Here’s a typical story: An excited couple looking to purchase a new home seems eager to work with a real estate salesperson, sign the paperwork and begin the closing process. But what stops the deal is the confusing unpredictable mortgage closing process, the add-ons, fluctuating fees and general bafflement that consumers sometimes feel is synonymous with the home-buying process.

Here’s a typical story: An excited couple looking to purchase a new home seems eager to work with a real estate salesperson, sign the paperwork and begin the closing process. But what stops the deal is the confusing unpredictable mortgage closing process, the add-ons, fluctuating fees and general bafflement that consumers sometimes feel is synonymous with the home-buying process.

“We’ve found in every survey we’ve done that customers dislike uncertainty and surprises, and many have the fear that they’ll be taken advantage of during the mortgage closing process,” said Garth Graham, SVP of e-commerce at ABN AMRO.

To combat this perception, an increasing number of lenders and financial companies are bundling together mortgage packages for buyers.

Supporters of bundling say it’s akin to buying a car. Do you purchase an automobile for one price or do you buy a car with unknown extras like tax, title and that mysterious undercoating fee?

Opponents of bundling say the process has pitfalls. One major concern is that large lenders will gain inequitable control of the mortgage market. The argument is that ultra-large lenders with high volumes of bundled sales could offer such heavily reduced price structures that smaller shops wouldn’t be able to compete.

The debate has wound its way to Washington, D.C., where Realtors and lenders are at odds over the Department of Housing and Urban Development’s proposal to “reform” the Real Estate Settlement Procedures Act known as RESPA. The package HUD most recently proposed suggested one lender-led, federally regulated, fixed-fee package of interest rates and settlement charges for each home-buying transaction. HUD said the approach would streamline the home-buying finance system.

Some opponents of HUD’s proposal have said a two-package approach would be more beneficial because it would allow buyers to comparison shop for settlement packages among both lenders and non-lenders while HUD’s single-package proposal would reduce competition and limit borrowers’ choices.

“Less competition means a contraction of the real estate industry and higher costs for consumers,” Walt McDonald, president of the National Association of Realtors, told the U.S. House of Representatives Committee on Small Business.

Some critics have said the single-package approach would put lenders in a position to negotiate and control other suppliers’ fees. Larger companies would be able to exercise more control over bundled pricing structures, creating a sort of mini monopoly of available bundled mortgage offerings.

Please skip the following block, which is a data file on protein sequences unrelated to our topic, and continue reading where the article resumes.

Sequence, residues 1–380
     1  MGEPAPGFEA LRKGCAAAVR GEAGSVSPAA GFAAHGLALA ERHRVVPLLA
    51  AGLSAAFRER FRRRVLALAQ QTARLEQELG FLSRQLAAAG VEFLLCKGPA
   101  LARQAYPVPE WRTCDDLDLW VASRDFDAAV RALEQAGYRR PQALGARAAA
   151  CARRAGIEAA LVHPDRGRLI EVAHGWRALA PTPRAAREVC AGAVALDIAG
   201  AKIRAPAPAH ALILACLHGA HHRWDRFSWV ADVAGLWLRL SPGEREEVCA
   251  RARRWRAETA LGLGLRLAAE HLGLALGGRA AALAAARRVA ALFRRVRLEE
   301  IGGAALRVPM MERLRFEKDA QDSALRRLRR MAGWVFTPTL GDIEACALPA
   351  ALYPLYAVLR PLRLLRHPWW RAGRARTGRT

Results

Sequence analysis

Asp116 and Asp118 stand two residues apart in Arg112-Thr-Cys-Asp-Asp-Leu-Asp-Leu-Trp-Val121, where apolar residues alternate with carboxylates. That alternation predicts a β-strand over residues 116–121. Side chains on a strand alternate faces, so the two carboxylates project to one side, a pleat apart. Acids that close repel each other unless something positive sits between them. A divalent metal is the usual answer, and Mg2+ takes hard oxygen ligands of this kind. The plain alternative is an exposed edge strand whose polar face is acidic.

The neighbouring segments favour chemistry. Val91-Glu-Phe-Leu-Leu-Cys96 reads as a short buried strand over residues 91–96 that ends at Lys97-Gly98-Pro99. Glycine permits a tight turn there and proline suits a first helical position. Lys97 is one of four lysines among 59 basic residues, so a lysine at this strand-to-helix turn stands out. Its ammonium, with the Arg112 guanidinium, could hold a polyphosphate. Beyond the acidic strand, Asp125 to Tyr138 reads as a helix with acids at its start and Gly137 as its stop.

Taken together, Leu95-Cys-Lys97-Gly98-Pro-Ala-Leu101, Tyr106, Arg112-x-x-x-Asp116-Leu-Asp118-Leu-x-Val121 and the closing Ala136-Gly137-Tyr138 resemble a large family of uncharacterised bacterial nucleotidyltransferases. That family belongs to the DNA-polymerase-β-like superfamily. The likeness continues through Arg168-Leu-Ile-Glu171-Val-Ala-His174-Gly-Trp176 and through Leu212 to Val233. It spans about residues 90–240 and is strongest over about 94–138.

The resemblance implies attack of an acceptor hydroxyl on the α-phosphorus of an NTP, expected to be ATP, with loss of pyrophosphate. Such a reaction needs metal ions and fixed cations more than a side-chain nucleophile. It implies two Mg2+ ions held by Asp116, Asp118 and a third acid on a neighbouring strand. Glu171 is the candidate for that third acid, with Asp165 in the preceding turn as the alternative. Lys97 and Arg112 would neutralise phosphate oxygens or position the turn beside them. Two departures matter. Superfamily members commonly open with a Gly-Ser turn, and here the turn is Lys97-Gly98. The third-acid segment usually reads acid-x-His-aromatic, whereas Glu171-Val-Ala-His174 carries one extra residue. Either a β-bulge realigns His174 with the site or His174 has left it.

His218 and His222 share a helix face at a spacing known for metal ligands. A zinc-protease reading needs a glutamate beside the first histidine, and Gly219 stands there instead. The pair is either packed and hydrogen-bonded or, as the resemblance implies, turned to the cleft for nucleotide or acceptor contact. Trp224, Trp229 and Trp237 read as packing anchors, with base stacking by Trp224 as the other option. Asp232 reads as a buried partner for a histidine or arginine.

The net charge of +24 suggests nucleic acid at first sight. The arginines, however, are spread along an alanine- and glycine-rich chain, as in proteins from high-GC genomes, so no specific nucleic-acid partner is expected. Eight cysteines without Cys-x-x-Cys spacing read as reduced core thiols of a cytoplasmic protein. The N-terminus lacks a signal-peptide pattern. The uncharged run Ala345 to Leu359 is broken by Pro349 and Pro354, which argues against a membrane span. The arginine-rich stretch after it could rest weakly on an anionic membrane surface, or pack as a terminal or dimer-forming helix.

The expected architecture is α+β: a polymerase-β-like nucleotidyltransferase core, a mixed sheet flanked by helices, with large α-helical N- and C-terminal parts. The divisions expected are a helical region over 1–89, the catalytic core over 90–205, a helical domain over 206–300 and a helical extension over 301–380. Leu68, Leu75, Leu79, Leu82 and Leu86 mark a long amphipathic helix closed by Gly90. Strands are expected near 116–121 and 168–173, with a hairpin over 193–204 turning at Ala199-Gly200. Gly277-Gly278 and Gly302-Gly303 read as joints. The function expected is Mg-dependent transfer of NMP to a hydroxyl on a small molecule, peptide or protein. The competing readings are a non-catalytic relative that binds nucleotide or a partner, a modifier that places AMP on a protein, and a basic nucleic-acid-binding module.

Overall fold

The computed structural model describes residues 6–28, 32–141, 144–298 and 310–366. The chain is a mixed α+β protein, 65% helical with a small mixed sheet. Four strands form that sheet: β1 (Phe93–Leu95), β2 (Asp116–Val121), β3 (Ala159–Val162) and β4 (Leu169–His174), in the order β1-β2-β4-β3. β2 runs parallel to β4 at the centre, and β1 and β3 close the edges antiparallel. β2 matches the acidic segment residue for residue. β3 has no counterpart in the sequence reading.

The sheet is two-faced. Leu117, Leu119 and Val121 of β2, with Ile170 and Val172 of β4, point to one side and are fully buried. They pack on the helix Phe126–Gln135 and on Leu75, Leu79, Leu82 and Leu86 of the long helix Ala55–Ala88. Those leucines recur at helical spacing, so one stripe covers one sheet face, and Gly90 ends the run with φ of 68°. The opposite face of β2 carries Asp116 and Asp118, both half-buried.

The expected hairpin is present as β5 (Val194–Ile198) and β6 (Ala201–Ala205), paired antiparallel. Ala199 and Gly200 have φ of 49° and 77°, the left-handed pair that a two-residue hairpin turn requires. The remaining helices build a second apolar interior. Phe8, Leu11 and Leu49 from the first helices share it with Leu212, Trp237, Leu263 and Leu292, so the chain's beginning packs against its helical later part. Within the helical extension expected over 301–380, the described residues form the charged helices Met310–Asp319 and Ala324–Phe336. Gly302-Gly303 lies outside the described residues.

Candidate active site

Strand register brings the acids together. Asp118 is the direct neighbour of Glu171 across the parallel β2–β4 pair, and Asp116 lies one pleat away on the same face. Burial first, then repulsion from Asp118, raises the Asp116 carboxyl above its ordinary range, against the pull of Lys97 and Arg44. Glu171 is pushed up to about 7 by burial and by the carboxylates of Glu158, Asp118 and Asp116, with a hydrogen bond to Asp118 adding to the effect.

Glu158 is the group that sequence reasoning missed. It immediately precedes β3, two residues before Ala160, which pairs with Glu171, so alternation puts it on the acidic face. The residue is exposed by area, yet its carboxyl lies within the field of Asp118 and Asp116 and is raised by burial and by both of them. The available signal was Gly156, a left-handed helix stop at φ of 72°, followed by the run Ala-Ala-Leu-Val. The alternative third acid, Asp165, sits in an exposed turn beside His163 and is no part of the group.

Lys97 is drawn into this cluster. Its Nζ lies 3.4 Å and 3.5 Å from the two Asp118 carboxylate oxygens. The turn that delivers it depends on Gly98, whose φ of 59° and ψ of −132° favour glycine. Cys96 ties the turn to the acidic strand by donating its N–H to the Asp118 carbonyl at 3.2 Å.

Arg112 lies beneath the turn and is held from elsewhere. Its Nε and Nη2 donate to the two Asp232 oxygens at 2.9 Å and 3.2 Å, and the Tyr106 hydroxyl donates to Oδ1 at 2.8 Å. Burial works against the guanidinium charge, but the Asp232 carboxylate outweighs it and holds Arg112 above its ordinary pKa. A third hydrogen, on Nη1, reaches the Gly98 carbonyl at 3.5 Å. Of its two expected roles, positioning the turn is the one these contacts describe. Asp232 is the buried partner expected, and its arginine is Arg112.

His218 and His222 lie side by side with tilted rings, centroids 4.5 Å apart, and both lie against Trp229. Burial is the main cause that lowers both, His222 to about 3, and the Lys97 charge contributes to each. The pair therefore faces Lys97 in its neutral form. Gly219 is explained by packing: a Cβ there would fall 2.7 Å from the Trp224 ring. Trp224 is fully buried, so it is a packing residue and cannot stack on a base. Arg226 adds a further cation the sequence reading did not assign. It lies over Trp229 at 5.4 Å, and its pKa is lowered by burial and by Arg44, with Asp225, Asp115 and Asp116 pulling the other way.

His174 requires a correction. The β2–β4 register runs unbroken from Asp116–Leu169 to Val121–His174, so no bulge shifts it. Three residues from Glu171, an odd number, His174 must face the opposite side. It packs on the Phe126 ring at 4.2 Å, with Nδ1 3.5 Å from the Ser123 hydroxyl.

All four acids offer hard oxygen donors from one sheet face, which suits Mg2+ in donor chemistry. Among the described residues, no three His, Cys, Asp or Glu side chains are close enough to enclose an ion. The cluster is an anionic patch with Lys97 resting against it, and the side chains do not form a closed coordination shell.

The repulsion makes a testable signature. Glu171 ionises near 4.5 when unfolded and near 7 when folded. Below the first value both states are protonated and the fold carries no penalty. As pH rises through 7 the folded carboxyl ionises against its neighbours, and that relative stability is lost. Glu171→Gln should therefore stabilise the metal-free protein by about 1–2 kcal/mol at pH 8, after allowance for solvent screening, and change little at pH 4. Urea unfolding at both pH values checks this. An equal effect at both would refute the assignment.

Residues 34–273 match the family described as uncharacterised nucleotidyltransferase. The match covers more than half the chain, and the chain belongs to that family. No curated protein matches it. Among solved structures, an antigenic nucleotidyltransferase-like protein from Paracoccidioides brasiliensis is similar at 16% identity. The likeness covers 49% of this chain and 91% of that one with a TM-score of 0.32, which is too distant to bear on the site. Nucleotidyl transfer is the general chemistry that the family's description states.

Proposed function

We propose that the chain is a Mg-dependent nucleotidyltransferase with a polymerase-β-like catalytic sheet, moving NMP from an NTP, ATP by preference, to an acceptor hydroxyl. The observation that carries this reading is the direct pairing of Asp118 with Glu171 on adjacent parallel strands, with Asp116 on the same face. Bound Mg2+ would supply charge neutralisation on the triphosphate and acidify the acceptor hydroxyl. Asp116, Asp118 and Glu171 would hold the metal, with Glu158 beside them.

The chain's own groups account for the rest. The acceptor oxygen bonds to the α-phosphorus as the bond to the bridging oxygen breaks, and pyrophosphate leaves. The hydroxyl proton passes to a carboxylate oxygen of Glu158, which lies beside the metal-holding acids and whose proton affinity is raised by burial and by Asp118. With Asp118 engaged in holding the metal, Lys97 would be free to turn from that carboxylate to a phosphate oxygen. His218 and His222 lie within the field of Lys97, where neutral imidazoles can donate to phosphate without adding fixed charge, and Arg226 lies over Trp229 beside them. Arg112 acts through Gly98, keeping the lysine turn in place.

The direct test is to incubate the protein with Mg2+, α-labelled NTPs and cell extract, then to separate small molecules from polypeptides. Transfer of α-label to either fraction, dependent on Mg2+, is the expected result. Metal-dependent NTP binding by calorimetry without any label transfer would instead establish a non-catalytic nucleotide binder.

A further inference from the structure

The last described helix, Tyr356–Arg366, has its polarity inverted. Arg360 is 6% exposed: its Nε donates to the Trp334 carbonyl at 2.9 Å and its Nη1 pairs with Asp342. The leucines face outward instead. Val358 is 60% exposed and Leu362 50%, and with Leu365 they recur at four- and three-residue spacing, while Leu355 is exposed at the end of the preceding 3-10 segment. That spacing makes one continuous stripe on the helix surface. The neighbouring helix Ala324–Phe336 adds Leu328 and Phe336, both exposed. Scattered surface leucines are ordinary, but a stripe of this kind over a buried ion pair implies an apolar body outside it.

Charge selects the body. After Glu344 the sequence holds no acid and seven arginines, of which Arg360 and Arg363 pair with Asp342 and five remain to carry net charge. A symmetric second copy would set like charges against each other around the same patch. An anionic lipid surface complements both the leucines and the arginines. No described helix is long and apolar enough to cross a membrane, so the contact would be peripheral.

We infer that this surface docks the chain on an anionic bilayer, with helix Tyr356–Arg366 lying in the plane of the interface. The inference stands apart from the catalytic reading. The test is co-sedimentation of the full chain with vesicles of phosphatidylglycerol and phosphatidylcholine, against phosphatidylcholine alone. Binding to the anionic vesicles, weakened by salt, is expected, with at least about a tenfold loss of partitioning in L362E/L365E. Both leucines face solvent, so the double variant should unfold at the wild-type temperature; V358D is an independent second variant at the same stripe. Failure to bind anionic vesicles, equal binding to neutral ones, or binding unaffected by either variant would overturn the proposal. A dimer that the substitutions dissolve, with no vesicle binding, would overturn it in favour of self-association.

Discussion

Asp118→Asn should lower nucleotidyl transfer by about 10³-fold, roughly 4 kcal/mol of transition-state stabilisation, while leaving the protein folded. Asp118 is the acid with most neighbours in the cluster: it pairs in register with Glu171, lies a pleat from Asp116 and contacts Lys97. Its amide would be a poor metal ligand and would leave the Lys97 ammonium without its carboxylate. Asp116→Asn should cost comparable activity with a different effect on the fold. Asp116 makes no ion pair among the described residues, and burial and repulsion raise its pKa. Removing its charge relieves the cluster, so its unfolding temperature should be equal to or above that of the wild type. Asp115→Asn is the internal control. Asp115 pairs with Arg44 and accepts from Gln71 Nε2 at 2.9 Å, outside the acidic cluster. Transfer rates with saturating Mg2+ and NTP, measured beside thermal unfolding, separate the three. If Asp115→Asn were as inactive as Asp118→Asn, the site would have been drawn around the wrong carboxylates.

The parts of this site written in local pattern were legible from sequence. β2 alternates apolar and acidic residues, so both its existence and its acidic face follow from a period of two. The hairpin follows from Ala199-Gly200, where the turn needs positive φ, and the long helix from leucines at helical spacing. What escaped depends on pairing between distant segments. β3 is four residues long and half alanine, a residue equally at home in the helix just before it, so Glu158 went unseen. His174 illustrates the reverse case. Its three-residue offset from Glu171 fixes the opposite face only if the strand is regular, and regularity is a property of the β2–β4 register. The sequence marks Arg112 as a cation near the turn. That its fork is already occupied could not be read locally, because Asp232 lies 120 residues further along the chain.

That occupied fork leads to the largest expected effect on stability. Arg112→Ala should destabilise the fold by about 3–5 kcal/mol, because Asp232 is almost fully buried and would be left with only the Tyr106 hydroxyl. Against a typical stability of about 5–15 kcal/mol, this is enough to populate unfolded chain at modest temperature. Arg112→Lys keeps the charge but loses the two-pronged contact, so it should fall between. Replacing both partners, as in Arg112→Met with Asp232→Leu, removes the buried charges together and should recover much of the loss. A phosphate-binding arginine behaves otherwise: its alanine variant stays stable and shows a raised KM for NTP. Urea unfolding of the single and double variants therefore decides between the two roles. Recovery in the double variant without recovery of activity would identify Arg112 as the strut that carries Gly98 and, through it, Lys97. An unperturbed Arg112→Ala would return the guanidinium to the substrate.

Providers of bundled mortgage services argue the benefit to the mortgage borrower outweighs any perceived risks. E-Trade Financial began offering bundled mortgage services for a single price in 1999. On refinancing deals, the company offers a lockable rate that covers all closing costs, including title, insurance policy fees, settlement charges and such fees as appraisal and subordination fees on a second loan.

“Consumers were fed up with the complexities of the mortgage process,” said Robert Bernabe, head of retail marketing and lending for E-Trade Financial. “Unbundled packages create more profits for businesses. When bundled fees are quoted, it brings all the prices down a notch.”

One industry report found that consumers often would select a lesser-known lender that offered a fixed-price fee rather than a brand name bank.

“More often, consumers will pick price certainty over brand-name recognition,” Bernabe said. “They’re wary of what might be hidden.”

GMAC Mortgage also decided to offer bundled mortgage services through its Ditech subsidiary after it conducted consumer market research.

“There’s a degree of uncertainty in purchasing a home and an even bigger concern about closing costs,” said Rick Gillespie, EVP of GMAC Mortgage. “Anything that can be done to help the customer understand the costs of financing a home is going to be a win/win situation for the whole industry.”

Ditech offers a $395 one-fee package that includes all closing costs except of a few items like prepaid interest.

ABN AMRO took the bundling route in January 2001, and the move is paying off. The company has completed more than 165,000 single-fee loans to consumers for more than $25 billion in volume since it began offering a single bundled closing fee called OneFee. Nine months ago, the company rolled out OneFee to mortgage brokers to enable them to provide OneFee loans to borrowers.

Ocwen Financial also offers a fixed-price bundle for mortgage originators, mortgage brokers and real estate brokers through Ocwen’s REALTrans software.

“The bundled services provide consumers with certainty about the costs of closing a real estate transaction,” said Ocwen’s Susannah Harter. “The bundled services also create economies of scale, reflected in lower pricing for consumers and higher service levels for originators and brokers.”

Graham says the “speculation and concerns (over bundling) are all nonsense.”

“If your current business model is confusing to the customer, your business is in trouble,” he said. “Every trade show I visit, someone is speculating about which companies and businesses will lose (now that bundled services are on the market). The remarkable thing is, none of those people ever talk about the customer and where they fit in.”

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